China officially the world’s biggest agricultural products importer

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The USDA’s recent report, China: Evolving Demand in the World’s Largest Agricultural Market, found imports of bulk products had dwindled since 2012.
Camera IconThe USDA’s recent report, China: Evolving Demand in the World’s Largest Agricultural Market, found imports of bulk products had dwindled since 2012.

China is officially the world’s largest importer of agricultural products after overtaking both the European Union and the United States last year and importing a staggering $133.1 billion worth of agricultural products.

And the Asian superpower’s import taste is changing — with demand for meat, dairy and horticulture booming.

Where bulk commodities once dominated, higher-value, consumer-oriented products are now surging ahead, eclipsing the former for the first time in 2019.

The USDA’s recent report, China: Evolving Demand in the World’s Largest Agricultural Market, found imports of bulk products had dwindled since 2012.

This included soybean, cotton and corn — coinciding with a slowdown in China’s economic growth.

Imports of intermediate products — including palm and soybean oils and hides and skins — had also dropped off due to oversupply and softening demand for leather.

But demand for meat and dairy was booming and Rabobank commodities analyst Charles Clack said it was not a “huge surprise” China was buying up high-value goods.

“China is dealing with an uptick in food inflation, there are calls to reduce food waste and really I think that this is a way to get control of inflation by importing more,” he said.

“The big driver there is going to be the growing middle class you are seeing in China, its appetite for meat and dairy is growing more value-added products.

“China is importing products which are less essential, like meat and dairy.

“They (China) are instead focusing their land on products that are fundamental to their economy and keeping people fed, like sugar, cotton, corn, wheat and rice.”

China accounted for a record 32 per cent share of Australia’s food and agriculture exports in 2019-20, worth more than $12 billion and up 29 per cent year-on-year.

Rabobank analyst Charles Clack.
Camera IconRabobank analyst Charles Clack. Credit: Rabobank

The biggest gains in Australian agricultural exports to China in 2019-20 were beef and sheepmeat as Chinese buyers looked to fill the hole left by African swine fever.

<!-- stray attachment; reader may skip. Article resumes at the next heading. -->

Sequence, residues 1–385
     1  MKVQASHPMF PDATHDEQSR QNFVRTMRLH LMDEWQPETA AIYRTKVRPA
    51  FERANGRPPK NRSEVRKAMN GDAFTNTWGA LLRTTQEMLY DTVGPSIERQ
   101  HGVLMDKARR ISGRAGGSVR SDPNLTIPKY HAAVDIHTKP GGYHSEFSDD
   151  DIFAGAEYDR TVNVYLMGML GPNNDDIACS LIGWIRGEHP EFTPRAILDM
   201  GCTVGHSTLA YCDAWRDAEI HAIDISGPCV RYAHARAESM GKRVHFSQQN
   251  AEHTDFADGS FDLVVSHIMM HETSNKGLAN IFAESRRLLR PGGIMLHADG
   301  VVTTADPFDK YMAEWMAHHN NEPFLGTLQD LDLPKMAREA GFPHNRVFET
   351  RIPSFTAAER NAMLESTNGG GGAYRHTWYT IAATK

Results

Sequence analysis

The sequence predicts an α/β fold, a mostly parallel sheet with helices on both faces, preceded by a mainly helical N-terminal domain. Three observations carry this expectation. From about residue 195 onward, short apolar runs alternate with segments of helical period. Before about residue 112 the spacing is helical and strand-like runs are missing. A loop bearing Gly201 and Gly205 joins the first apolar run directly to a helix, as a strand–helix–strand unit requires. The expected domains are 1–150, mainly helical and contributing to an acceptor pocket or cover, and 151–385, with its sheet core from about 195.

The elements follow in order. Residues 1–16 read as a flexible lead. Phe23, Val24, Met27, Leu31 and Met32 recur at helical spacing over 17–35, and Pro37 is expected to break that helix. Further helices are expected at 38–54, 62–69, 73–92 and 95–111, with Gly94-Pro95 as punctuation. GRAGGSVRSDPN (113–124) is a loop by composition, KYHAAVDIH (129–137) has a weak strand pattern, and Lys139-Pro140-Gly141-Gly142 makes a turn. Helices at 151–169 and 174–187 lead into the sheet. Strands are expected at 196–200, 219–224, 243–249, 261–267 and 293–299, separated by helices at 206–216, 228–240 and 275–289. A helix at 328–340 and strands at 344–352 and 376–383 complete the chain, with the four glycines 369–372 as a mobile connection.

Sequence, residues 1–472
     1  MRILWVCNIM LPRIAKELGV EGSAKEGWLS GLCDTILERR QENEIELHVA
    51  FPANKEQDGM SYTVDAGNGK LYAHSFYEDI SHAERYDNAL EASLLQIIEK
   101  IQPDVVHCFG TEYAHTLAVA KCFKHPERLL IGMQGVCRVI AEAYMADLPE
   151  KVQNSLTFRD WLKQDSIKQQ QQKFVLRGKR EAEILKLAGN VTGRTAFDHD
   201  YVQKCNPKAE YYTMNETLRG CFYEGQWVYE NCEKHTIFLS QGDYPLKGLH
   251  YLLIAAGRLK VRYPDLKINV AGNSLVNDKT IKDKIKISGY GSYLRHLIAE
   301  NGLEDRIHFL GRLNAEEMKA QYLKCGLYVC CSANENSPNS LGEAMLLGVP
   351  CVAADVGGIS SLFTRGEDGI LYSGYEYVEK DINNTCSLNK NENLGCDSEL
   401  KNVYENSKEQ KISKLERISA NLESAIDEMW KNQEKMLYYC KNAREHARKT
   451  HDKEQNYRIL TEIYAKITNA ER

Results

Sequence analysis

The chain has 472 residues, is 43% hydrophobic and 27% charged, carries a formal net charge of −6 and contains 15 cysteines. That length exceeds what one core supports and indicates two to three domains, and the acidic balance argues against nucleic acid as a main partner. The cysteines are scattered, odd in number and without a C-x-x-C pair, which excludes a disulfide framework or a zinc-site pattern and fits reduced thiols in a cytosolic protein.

Shipments of dairy, wine, grains and oilseeds and fruit also all reported year-on-year gains.

With rising consumption and limited capacity to increase its domestic beef production, China increasingly meets its beef demand through imports.

Beef and beef product imports have grown exponentially since 2012, with an annual trend of 48 per cent — passing the US as the largest beef market last year, at $8.4 billion.

Its top suppliers are Brazil, Australia and Argentina, with market shares of 25, 21, and 21 per cent respectively.

China is also the world’s top market for dairy imports, worth $12 billion in 2019, with increasing demand for healthy foods driving higher fruit and tree-nut sales.

China is the world’s biggest pork market, importing $6.4 billion worth last year, with the EU and the US the top suppliers at 63 and 16 per cent in trade value respectively.

The outbreak of African swine fever, which has killed more than 500 million pigs worldwide, disrupted China’s domestic pork supply. It led to price increases in all types of animal proteins and an overall sharp rise in food prices last year — further fuelling protein imports.

China is dealing with an uptick in food inflation, there are calls to reduce food waste and really I think that this is a way to get control of inflation by importing more.

Rabobank commodities analyst Charles Clack

The report showed the US used to be China’s biggest agricultural supplier but it was overtaken by Brazil and more recently the EU.

Other major suppliers include Australia and New Zealand, which both have free trade agreements with China.

Mr Clack said while there were opportunities for both exporters and domestic farmers interested in value-adding, the “elephant in the room” was geopolitical tension.

He said in a year in which political relations with China had soured after the Federal Government called for a probe into the origins of the coronavirus, the share of almost all Australia’s agri exports destined for China had increased but trade was now starting to suffer.

“We have seen China flexing its muscles,” he said.

“But China will be looking to purchase these things ongoing, so it will be a balancing act.

“China will not be able to stop everything from Australia.”

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